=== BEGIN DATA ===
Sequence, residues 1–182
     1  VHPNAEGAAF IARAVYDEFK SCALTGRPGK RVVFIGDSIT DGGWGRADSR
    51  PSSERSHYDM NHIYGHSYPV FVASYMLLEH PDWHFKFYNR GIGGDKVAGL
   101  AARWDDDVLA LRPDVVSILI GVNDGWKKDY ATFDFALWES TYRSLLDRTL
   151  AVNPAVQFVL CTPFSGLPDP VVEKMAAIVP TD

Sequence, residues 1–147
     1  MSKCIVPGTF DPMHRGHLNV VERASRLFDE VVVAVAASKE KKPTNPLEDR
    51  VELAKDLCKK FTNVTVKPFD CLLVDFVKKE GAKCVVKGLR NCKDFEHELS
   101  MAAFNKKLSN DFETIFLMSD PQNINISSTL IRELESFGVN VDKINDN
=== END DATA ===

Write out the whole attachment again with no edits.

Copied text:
Sequence, residues 1–182
     1  VHPNAEGAAF IARAVYDEFK SCALTGRPGK RVVFIGDSIT DGGWGRADSR
    51  PSSERSHYDM NHIYGHSYPV FVASYMLLEH PDWHFKFYNR GIGGDKVAGL
   101  AARWDDDVLA LRPDVVSILI GVNDGWKKDY ATFDFALWES TYRSLLDRTL
   151  AVNPAVQFVL CTPFSGLPDP VVEKMAAIVP TD

Sequence, residues 1–147
     1  MSKCIVPGTF DPMHRGHLNV VERASRLFDE VVVAVAASKE KKPTNPLEDR
    51  VELAKDLCKK FTNVTVKPFD CLLVDFVKKE GAKCVVKGLR NCKDFEHELS
   101  MAAFNKKLSN DFETIFLMSD PQNINISSTL IRELESFGVN VDKINDN